Iran’s ambassador to the International Atomic Energy Agency (IAEA) has refuted an IAEA female inspector’s claim that she had been sexually harassed while inspecting an Iranian atomic site.
“These false claims are aimed at kicking up a fuss and creating a frame-up in the run-up to a meeting of the [IAEA’s] Board of Governors,” said Kazem Gharibabadi.
“Unfortunately, there were several cases of terrorist operations and acts of sabotage at [Iran’s] nuclear sites; accordingly, our policy on the protection of our nuclear facilities changed a few months ago,” he said.
“These policies also apply to the methods of inspecting IEAE’s inspectors,” he said.
“We announced this policy to the IAEA, and this policy continues to be improved,” he said.
“At the same time, the IAEA was told to advise its inspectors to show maximum cooperation with our security guards given the current sensitivity and the fact that there is precedent for acts of sabotage,” the top official said.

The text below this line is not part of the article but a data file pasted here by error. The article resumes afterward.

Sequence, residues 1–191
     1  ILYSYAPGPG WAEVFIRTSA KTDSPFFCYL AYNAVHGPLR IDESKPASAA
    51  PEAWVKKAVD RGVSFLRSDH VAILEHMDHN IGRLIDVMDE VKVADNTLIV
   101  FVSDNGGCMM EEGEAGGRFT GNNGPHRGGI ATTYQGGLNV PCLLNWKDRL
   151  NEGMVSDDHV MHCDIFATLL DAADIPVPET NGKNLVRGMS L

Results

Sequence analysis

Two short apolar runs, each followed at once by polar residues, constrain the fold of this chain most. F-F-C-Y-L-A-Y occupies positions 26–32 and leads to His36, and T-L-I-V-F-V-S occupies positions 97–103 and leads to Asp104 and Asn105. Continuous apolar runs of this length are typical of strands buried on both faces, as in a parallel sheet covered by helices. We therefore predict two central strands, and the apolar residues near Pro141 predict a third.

“Naturally, when inspectors or the IAEA’ Secretariat itself compare the new measures with the previous ones, they think that these moves are aimed at harassing them, but that’s not the case and none of our colleagues (security guards at Iran’s nuclear sites) have such an intention, and all they do is simply geared to protection,” he noted.
“The stepping up of security measures applies to IAEA inspectors, too,” said Gahribabadi.
“Maybe they wouldn’t be frisked and their stuff wouldn’t be searched before, but we asked the agency to understand this and not to have a different interpretation,” he said.